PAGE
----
Four implications, or maybe assumptions, of the proposal of a conversational narrator are discussed. Such assumptions are all justified and based on empirical evidences that the authors do not deny can be regarded as controversial. First, such a notion leads the reader to attribute to the narrator those properties that are necessary for conversational communication. In particular, the narrator would be assumed to share perceptual ground, language, and culture with the reader. When it does not occur, readers will have trouble understanding and remembering material. Second, if the narrator is assumed to be a conversational participant communicating about the described world, then the narrator must be part of that world. This means that the narrator must have a unitary location and focalization in that world, even when the narrator is technically absent from the narration. The implication is that when focalization changes, comprehension will be disrupted because some extra inference or processing is required. They assume that unitary focalization and position are the logical consequences of representing the narrator as a conversational participant and as part of the described world. Third, they predict that readers attempt to cooperate with the narrator and use their own knowledge and experience to fill in gaps or background as required, in an attempt to justify the narrator's stance. Fourth, just as in conversation, readers assume that the narrator is cooperating with them. They expect the narrator to provide necessary and sufficient information. If the text in fact provides extra, unnecessary information, readers will spend additional time and effort attempting to ascertain how the additional information is relevant or important. Alternatively, if the text provides insufficient information for comprehension, readers will assume that there is a plausible inference that could be made in order to render the narrative comprehensible, and that they are likely to spend time searching for such an inference.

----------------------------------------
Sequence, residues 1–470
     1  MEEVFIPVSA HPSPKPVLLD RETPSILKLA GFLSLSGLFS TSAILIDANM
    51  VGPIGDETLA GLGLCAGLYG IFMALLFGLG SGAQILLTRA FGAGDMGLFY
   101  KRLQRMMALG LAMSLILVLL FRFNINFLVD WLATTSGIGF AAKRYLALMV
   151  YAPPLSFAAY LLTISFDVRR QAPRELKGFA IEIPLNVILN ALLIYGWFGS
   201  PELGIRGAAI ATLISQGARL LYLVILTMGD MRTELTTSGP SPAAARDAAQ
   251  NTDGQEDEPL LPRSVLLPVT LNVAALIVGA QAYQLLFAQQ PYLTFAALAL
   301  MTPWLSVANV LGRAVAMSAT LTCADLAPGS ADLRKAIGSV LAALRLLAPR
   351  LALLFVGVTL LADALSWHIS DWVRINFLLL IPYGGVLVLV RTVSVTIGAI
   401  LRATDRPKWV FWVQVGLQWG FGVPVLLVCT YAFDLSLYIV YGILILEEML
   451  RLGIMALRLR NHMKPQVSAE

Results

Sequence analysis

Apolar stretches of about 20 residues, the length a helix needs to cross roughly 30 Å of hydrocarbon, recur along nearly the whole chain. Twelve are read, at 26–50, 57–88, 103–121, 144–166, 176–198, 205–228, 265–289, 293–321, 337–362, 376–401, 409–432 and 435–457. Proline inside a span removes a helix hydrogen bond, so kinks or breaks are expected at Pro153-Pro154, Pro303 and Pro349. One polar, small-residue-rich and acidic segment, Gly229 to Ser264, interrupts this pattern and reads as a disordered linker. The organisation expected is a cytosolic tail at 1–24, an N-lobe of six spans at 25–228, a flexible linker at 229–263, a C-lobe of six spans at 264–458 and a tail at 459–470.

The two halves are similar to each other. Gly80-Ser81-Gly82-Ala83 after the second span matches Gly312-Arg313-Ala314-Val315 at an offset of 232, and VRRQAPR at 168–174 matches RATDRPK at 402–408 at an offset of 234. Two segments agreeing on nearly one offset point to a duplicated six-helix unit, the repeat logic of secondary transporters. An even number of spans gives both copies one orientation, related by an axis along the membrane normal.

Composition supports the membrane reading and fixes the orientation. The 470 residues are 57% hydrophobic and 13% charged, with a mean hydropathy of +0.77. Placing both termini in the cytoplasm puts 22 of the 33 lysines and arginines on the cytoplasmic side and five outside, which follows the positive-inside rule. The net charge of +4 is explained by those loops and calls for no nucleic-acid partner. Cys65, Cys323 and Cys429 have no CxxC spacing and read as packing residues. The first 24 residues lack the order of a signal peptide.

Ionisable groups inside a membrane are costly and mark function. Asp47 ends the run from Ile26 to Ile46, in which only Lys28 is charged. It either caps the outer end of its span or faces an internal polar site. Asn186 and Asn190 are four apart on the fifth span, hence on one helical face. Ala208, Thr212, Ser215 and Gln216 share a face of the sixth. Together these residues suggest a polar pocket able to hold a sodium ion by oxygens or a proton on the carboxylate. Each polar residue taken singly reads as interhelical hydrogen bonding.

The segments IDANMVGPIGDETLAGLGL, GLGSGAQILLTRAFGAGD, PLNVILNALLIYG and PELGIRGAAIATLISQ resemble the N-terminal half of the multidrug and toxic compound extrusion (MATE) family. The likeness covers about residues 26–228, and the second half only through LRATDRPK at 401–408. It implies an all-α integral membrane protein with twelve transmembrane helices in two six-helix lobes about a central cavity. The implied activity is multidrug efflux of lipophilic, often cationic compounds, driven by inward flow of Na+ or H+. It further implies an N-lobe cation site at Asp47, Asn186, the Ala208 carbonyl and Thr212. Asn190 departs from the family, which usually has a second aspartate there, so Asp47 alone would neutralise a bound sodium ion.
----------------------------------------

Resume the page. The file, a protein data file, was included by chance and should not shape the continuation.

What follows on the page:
In conclusion, the authors intend to introduce psychonarratology as an evolving theoretical framework and approach to empirical investigation of narratorial processing. According to them, its value stems from the division of the work of understanding narratorial perspective into a number of "more manageable subproblems." These subproblems are, in their words, amenable to systematic and straightforward empirical investigation.  
Dixon and Bortolussi base their psychonarratology on narratology and discourse processing. These two fields are, however, not without problems. Questioning around such a combination formed, then, some of the main targets for class discussion. Issues debated concerned methodological procedures, the validity of the assumptions they make, including a critique of their proposal in general.  
The authors claim that a crucial step in their proposal is to distinguish text features from text effects. According to them, psychonarratology should consist of the empirical investigation how the text features identified by narratologists are processed. They describe text features as "anything that can be objectively identified in a text [and] that trained observers can reliably agree whether or not such features are present in a given text" (p.277). Although they provide well supported arguments for such a claim in one previous article (Dixon et al., 1993), the question whether it can be generalized to all text features continues without answer.  
Issues concerning the field of discourse processing were also raised. The strongest critique was that it is based uniquely on cognitive models and appears to provide a poor account of literary reading. It does not account for affective reactions, for instance. The appeal to Grice's Cooperative Principles (Grice, 1975) makes the issue even more questionable as such principles are based on what does not work, that is, on the notion of implicatures. His maxims are idealizations and not necessarily what happens in the "real" world. Besides that, such appeal presupposes that literary experience is all about communication. The authors make such a claim explicit while stating that "text is not communication, but it is often treated as if it were by readers" (p. 280). Communication in the ways suggested by Grice seems to be a poor analogy and to confine it exclusively to cognitive responses seems an impoverished account of what happens in the process of response to literary texts. The experiential aspect of the process is disregarded.